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Roslyn KuninWant to strike fear into the heart of any Canadian?

Just mention wait times.

We’re all really proud of our universal, single-payer medicare system, especially when we compare it to the situation in the United States.

However, it’s not quite perfect.

A major imperfection is the length of time between becoming aware of a need for medical services and actually receiving them.

We gratefully acknowledge that should our medical need be immediately life threatening, we’ll be taken care of. However, if it’s not our life that’s at risk but our level of comfort, our mobility or other physical functions, then months and years can pass before we see a suitable medical specialist and receive the needed treatment.

That’s one reason why we should appreciate the contributions of Dr. John Street. Street trained in Ireland and Great Britain and practises and does research in areas related to the spine. He works at the Vancouver Spine Surgery Institute, to the benefit of the Vancouver General Hospital (VGH) and many organizations doing research on the spine and its treatment.

If you have a back problem, the time between your first visit to a doctor and seeing a spinal surgeon can be as long as two years. This doesn’t make patients happy and it didn’t make Street happy, especially since he knows that up to 90 per cent of those who endured the wait to see a surgeon had conditions that didn’t require surgery and could be treated by simpler and easier processes such as physiotherapy.

So Street set up the Rapid Access Assessment Program at VGH, to which doctors could refer patients with back problems, and where they could be seen by physiotherapists and other medical professionals in days and weeks rather than months or years. Those who didn’t need surgery could immediately begin other treatment options and the wait list for those that did need surgery became shorter.

But that’s not all that Street has done and is doing. Technology has made a major new resource – data – available in health care and other fields. That data provides great detail about everything we do, who we do it to, and what works and what doesn’t.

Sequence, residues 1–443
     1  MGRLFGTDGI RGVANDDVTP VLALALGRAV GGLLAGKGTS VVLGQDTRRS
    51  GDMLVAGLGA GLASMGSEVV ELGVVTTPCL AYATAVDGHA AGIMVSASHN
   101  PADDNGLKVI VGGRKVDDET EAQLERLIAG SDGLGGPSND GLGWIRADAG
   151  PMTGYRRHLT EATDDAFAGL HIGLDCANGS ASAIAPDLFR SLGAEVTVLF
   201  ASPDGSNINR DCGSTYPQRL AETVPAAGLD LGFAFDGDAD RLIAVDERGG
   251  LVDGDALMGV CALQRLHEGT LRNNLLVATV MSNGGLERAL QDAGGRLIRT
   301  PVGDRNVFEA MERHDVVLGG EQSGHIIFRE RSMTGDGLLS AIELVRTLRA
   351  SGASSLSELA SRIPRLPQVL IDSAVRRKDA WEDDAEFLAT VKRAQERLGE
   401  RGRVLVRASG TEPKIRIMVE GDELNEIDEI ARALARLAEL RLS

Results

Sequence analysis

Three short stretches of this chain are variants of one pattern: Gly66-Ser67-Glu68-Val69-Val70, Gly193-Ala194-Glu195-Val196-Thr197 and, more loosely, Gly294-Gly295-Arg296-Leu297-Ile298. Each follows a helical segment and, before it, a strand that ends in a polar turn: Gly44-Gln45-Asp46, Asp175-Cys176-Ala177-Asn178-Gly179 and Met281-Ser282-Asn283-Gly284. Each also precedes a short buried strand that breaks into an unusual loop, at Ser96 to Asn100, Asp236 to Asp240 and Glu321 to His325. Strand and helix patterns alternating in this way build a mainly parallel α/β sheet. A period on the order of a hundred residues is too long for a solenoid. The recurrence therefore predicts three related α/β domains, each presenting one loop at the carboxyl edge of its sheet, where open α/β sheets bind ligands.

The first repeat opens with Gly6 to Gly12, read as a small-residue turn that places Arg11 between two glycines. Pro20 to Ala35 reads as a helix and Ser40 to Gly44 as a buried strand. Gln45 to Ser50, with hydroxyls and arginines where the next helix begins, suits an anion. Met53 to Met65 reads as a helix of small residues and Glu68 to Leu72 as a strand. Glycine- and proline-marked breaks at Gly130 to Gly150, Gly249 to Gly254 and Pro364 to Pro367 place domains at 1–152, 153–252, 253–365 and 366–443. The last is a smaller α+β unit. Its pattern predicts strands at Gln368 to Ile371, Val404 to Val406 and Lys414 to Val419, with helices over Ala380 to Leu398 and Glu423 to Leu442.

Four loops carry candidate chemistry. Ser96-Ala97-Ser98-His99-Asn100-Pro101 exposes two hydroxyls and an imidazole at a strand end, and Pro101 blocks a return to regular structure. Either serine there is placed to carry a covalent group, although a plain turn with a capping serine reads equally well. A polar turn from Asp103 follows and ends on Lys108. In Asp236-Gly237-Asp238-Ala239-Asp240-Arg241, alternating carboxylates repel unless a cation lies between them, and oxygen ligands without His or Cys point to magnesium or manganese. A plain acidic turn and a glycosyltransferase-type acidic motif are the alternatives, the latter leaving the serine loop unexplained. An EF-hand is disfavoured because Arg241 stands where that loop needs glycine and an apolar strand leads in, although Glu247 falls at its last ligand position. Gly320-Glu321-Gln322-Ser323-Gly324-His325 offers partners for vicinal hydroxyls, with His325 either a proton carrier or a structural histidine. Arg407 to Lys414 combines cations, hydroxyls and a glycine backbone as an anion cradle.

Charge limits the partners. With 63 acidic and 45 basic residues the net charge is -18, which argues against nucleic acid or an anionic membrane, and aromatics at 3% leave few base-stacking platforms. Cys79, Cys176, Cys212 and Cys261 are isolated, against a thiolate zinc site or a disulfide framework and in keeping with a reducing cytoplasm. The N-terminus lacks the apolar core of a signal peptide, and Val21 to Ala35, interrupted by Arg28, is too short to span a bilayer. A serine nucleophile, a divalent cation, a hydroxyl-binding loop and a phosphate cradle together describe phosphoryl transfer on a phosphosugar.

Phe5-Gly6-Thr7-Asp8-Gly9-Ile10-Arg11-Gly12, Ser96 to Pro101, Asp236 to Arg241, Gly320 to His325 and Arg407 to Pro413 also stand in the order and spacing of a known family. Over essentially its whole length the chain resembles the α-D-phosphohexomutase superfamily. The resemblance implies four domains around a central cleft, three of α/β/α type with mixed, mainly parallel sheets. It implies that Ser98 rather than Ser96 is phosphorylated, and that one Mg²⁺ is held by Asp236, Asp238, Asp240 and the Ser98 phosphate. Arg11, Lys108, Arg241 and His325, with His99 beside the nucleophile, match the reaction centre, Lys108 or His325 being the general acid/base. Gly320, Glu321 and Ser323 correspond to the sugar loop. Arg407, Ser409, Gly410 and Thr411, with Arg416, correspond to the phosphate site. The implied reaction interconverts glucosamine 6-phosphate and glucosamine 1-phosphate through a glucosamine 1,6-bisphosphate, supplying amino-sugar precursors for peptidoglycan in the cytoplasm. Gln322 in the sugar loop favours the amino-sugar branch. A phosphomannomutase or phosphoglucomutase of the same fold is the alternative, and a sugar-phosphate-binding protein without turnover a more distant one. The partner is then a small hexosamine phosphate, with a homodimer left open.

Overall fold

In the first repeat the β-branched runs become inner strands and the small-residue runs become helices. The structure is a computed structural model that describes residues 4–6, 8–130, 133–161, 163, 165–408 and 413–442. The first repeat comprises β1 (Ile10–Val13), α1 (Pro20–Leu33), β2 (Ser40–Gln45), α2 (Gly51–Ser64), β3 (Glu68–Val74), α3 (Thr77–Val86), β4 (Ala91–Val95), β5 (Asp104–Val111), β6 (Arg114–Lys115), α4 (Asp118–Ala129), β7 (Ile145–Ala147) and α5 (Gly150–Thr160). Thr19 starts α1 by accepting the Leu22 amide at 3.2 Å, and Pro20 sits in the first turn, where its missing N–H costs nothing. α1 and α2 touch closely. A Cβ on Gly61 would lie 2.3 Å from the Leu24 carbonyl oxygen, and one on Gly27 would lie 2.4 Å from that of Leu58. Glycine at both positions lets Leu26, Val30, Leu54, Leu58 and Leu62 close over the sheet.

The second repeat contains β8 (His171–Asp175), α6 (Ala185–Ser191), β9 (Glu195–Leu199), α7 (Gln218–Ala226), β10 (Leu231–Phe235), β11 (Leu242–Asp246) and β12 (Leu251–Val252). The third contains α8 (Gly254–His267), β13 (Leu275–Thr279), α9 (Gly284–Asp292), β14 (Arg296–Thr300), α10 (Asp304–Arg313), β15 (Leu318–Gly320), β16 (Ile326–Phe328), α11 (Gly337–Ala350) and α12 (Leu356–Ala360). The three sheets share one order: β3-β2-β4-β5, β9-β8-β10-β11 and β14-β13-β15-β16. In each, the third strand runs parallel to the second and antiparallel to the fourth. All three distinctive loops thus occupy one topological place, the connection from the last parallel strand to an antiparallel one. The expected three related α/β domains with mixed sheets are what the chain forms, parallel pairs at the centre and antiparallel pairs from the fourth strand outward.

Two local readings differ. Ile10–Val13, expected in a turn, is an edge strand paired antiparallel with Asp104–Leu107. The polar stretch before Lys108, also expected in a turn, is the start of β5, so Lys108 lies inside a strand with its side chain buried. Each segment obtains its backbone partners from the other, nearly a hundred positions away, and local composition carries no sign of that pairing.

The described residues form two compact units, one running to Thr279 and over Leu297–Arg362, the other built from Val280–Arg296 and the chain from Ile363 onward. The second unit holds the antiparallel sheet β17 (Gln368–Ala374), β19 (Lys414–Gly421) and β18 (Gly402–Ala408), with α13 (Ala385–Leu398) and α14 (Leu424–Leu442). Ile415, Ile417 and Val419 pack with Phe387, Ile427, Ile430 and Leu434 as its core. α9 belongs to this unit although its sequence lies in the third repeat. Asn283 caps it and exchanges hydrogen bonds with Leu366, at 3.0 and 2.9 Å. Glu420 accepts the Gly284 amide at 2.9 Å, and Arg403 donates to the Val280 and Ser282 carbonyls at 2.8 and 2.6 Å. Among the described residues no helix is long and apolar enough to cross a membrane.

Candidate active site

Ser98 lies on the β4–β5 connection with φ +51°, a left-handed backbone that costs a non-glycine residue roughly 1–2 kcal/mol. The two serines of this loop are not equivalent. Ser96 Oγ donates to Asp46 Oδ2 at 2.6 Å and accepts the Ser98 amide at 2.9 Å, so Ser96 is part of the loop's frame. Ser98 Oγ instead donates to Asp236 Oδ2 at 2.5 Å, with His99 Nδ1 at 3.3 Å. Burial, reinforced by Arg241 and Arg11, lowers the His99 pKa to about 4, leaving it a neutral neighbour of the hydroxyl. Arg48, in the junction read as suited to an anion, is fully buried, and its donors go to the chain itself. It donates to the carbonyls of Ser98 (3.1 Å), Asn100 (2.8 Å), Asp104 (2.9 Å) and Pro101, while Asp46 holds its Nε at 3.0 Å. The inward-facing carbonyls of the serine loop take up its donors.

However, data is useless until we turn it into information and the research turns vast quantities of numbers into patterns, facts and descriptions that we can use. And we need to go one step further and apply the results of that research in hospitals and on patients.

The Spinal AdVerse Events Severity system (SAVES), under a team lead by Street, collects data on all the adverse events (bad outcomes to us laypeople) that occur in their area and then determines what factors can reduce or eliminate them. One would think that this logical approach would be widespread but it’s really very rare. Too many medical personnel are too busy dealing with current pressing problems to try to determine how to reduce or solve those problems.

Street’s approach of collecting data, turning it into information and not hesitating to introduce new information and innovations greatly improves patient outcomes. It also saves the health-care system (and taxpayers) piles of money.

One simple idea is to break down the hospital silos.

Spinal surgery patients were usually only seen by spinal specialists. However, many such patients, particularly accident victims, had more wrong with them than their spines. Allowing other specialists into the spinal ward meant better outcomes and saved millions of dollars.

It’s not surprising that Street is very prominent in his field, has dozens of peer-reviewed published articles and has received numerous awards.

What is surprising is how little uptake there has been on his approach, even though better patient outcomes and cost savings have been well documented. Also researched and documented is the applicability of the SAVES model in international settings beyond Canada.

Since we can’t clone Street, we need to make leaders and decision makers in health care and government aware of his work and the need to take advantage of it.

Troy Media columnist Roslyn Kunin is a consulting economist and speaker.

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